Is There an Ekco in Here?

Is there an Ekco in your kitchen? I know there is in mine! This classic company has made so many different kitchen and household gadgets, I’m sure I haven’t seen them all. They are actually a cool company. Here’s one Ekco gadget that I use all the time!

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Ekco Miracle Tomato Slicer

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The one above is one that is for sale in my shop but I have one of my own that is my go-to-gadget for slicing tomatoes. Such a simple thing, but it works much better than me trying to slice the tomatoes evenly by hand and it works in seconds. Perfect tomatoes for sandwiches and burgers.

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Ekco Vintage Muffin Tin (photo courtesy of Band Box Vintage Wares)

So what’s the story on Ekco? Well, the name has the initials for the founder, Edward Katzinger and it’s his Company. According to an awesome book I’ve referenced before “Spiffy Kitchen Collectibles” by Brian Alexander, Edward Katzinger was a tinsmith by trade. He immigrated here in the 1880s and settled in Chicago.

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Ekco Hand Mixer and 3-Prong Fork (photo courtesy of Swankie Stuff)

He decided to set up a shop making tin pans for the baking industry. That is what he focused on and he did it well. His company flourished.

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Ekco Hot Plate 1960s (photo courtesy of RetrOriginalUK)

In 1916, Alexander says that Edward’s son, Arthur joined the company. They began to expand in the 1920s, which I would think would have been tricky because of the impending crash that they didn’t realize was coming. But they persevered. They acquired another company during the 20s and became a leader in the tin pan business.

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Advertisement for Ekco State Fair Cookware (photo courtesy of From Janet)

In the 1930s they acquired the A&J Company and began producing utensils and gadgets. Arthur took over in 1939 after the death of his father and changed his name from Katzinger to Keating.

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Ekco 1950s Rolling Pin (photo courtesy of Liz Finest Collection)

An article at “FundingUniverse.com” goes into the different acquisitions that Ekco made over the next 35 years and chronicles their growth. FundingUniverse states that the company went public in the early 1940s and began acquiring even more companies.

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Ekco Soap Dish (photo courtesy of Vintage Jewels and More)

Arthur continued to run the company through the 50s and 60s. During that time they really expanded the different types of items they made. There were items for the kitchen, the mudroom (shoetrees), bathroom, and more.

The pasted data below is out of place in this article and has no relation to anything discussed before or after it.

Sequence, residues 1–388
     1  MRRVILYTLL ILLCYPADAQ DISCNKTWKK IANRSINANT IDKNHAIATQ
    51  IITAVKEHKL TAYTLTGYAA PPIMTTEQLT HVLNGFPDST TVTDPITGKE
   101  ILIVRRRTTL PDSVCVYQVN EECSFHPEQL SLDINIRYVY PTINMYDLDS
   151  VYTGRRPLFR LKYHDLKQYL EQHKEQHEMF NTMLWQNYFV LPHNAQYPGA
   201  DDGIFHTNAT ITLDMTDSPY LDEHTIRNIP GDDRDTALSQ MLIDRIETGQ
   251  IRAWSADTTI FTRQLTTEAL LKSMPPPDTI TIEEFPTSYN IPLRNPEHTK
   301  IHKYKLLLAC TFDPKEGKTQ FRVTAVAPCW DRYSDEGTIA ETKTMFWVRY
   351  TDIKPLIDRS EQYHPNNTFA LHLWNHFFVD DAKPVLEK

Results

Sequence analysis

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Ekco Shoe Stretcher (photo courtesy of Nena Faye’s Attic)

American Home Products acquired Ekco in 1965 with Arthur Keating passing in 1967. From here it gets kind of difficult to follow. FundingUniverse.com goes into all the hands that exchanged this company through the 1990s, and there were quite a few.

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Ekco Radio with Bakelite (photo courtesy of Darcy and Eliza Vintage Store)

Ekco was eventually part of Ekco Group, Inc. which was based in my home state of New Hampshire. Eventually Ekco Group, Inc. was acquired by WKI Holding Company out of Rosemont, Illinois. Ekco still puts out items including their Baker’s Secret line of bakeware.

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Ekco Enameled Skillets Country Garden Made in Italy (photo courtesy of Treasured Past Vintage)

Even though they are still making products, their vintage stuff is very collectible. They used to make items in red, yellow, turquoise, pink and black. No surprise here, red is the color collectors look for the most (me included!). Black is collected the least.

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Ekco Eternal Flatware Canoe Muffin (photo courtesy of Fulton Lane)

Do you have a memory of an Ekco kitchen gadget from your childhood? Tell me about it! I love hearing from all of you! I hope this has given you some good information about a company that was started by a young entrepreneur who came to America to find his dream and grew that dream into a house-hold name.

I wish you all a great week! Remember to party with me this week at the awesome link parties listed on the right.

 

 

 

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7 thoughts on “Is There an Ekco in Here?

  1. My kitchen is red/white and I love old utensils so the tomato slicer catches my eye. I have had a rolling pin just like the one shown and also a muffin tin. Enjoyed the post and the information very much!

    Like

  2. I’ve always wondered if those tomato slicer worked! I’ll have to pick one up next time I’m out garage saling.Thanks so much for your informative posts, Rheta–we appreciate you linking up with us at Vintage charm 🙂

    Liked by 1 person

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